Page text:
Big T.’s Heart’s In Me!
A book for children of all ages, designed to promote seat-belt safety and organ donation; based on a true story as told through whimsical animals.
By Valerie M. D’Ortona
About the Book:
Isabel is usually a happy bovine, frolicking through pastures, and cavorting with her friends in Isabel’s World, and she is THRILLED with the outcome of her book, Big T.’s Heart’s in Me!
However, the subject matter is the bummer. Kenneth Anthony “Tony” D’Ortona died on Father’s Day, June 15, 2008, the only child (born 1974) of Isabel’s creator Valerie D’Ortona. This loss, though kick-in-the-gut-wrenching, eventually evolved into her grief journey of writing and painting.
Tony had already registered to be an organ donor, so upon his death, Valerie and Tony’s father, Kenneth, honored Tony’s wishes. Consequently, his heart, kidneys, liver, and corneas were transplanted into five desperately ill, lucky people.
Valerie painted Tony’s story in the whimsical style of Isabel’s World. “Big T.” (a large bull painted on a barn) served as the main character although he never uttered a “Moo.” The book explains through Toby (a younger, formerly ill bull) how Big T. ventured off to Wyoming to cook in a resort.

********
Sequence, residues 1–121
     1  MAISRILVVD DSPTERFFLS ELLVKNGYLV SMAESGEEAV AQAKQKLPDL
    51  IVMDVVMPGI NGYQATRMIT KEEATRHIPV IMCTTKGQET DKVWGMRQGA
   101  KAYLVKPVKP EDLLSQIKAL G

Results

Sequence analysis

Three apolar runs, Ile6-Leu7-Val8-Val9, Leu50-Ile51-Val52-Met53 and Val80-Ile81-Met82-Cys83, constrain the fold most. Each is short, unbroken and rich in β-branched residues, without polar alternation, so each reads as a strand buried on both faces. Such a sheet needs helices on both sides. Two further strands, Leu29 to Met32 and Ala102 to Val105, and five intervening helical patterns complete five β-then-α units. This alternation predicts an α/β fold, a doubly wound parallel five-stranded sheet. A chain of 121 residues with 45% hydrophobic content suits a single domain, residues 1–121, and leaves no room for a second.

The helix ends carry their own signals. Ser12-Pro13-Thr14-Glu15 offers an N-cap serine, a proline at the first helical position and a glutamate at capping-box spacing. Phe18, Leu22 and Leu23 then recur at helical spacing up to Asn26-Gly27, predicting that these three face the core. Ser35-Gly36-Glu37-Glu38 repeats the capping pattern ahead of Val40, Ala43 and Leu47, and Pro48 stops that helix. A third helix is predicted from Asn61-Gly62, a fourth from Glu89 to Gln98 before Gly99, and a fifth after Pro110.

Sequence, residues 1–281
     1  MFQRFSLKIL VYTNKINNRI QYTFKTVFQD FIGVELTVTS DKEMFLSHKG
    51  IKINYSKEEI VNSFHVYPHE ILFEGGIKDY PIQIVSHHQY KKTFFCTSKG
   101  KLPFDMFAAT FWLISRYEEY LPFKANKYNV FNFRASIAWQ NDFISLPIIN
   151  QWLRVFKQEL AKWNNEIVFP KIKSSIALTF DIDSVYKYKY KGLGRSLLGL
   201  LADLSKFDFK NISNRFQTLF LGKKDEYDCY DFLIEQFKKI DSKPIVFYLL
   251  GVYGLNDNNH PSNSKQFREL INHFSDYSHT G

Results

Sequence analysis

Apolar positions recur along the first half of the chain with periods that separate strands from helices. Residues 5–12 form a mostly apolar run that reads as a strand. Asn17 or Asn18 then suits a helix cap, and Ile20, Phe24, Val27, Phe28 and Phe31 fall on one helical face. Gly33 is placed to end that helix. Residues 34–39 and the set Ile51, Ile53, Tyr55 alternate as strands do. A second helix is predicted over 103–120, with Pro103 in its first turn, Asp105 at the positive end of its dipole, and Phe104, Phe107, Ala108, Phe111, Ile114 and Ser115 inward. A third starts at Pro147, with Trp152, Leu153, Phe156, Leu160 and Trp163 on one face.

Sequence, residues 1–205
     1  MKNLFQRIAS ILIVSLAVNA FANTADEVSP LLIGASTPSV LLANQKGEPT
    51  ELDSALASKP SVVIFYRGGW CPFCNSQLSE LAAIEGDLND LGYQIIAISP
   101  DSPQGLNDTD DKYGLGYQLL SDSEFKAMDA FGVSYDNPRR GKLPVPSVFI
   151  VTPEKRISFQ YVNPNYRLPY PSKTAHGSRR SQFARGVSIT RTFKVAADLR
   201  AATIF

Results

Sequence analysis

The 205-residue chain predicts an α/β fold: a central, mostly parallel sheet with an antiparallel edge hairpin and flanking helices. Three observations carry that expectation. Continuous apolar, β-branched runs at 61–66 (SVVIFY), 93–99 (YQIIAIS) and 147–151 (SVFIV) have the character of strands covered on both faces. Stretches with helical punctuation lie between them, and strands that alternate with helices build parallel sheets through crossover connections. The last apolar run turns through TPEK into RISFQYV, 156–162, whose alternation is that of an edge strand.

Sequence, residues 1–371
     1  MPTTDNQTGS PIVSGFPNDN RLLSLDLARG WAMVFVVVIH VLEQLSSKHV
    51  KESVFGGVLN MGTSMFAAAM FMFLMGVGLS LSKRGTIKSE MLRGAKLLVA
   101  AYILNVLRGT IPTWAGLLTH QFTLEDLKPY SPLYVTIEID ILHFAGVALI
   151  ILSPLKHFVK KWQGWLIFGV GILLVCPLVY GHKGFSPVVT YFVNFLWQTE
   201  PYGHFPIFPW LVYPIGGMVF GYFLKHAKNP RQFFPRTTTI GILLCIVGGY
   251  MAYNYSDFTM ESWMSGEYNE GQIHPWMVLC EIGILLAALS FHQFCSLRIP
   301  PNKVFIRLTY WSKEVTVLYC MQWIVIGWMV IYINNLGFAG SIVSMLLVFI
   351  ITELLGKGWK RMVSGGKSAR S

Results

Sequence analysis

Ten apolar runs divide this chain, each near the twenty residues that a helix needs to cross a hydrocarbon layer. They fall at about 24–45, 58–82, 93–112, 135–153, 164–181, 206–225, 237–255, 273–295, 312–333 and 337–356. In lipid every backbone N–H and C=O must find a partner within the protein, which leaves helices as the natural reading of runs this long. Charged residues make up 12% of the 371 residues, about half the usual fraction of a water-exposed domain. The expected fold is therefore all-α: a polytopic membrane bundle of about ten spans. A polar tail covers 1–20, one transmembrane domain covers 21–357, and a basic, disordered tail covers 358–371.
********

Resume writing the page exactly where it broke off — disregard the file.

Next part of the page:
After only six weeks at Jackson Hole, Tony and a friend of two weeks were returning to work from Salt Lake City. She fell asleep at the wheel; the truck hit the guardrail; Tony was thrown from the tumbling vehicle. Thirty-six hours later, declared brain dead, he was being prepared for donor harvesting. In Big T.’s Heart’s in Me! book, as Toby explains to the frog, cat, and pig, a previously ill Toby ends up the recipient of Big T.’s heart.
An educator, Valerie designed the book to serve as a learning tool for children (of all ages). She illustrates organ placement in Big T.’s body, provides a glossary to define terms, encourages people to fasten their seat belts, and urges readers to register to be organ donors.
“This is a beautiful real-life story that can be enjoyed by children everywhere and that will touch not only their young hearts but also the heart of the parent or grandparent (or teacher) who may be reading it to them.” Reviewed by Jim Gleason, heart recipient.